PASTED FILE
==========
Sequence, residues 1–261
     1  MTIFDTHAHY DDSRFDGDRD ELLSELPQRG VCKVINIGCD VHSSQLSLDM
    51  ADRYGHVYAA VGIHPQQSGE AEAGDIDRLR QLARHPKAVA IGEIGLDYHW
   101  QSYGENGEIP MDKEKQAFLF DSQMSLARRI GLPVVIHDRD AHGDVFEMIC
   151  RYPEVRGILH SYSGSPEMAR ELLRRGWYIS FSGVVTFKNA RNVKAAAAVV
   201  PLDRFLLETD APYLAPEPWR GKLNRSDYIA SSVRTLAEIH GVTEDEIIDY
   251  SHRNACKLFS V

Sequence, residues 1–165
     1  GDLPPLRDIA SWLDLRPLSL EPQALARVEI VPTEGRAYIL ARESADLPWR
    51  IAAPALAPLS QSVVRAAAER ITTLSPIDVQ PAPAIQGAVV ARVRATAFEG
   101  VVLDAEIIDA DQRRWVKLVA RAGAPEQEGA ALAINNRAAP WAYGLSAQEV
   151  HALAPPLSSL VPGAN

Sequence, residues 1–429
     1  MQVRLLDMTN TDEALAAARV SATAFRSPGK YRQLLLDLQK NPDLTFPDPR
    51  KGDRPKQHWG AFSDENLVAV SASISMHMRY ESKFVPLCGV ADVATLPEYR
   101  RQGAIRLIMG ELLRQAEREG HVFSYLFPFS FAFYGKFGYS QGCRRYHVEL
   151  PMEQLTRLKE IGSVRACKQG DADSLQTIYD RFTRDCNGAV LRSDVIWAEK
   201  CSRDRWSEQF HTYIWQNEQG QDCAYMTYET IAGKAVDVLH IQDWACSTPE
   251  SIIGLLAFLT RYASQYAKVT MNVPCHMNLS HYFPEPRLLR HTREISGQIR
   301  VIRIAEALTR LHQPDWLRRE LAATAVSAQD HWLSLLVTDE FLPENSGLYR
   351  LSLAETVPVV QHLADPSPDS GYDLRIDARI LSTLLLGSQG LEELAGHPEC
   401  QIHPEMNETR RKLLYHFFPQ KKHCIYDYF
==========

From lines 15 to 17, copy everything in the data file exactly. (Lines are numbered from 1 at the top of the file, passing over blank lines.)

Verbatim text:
    51  KGDRPKQHWG AFSDENLVAV SASISMHMRY ESKFVPLCGV ADVATLPEYR
   101  RQGAIRLIMG ELLRQAEREG HVFSYLFPFS FAFYGKFGYS QGCRRYHVEL
   151  PMEQLTRLKE IGSVRACKQG DADSLQTIYD RFTRDCNGAV LRSDVIWAEK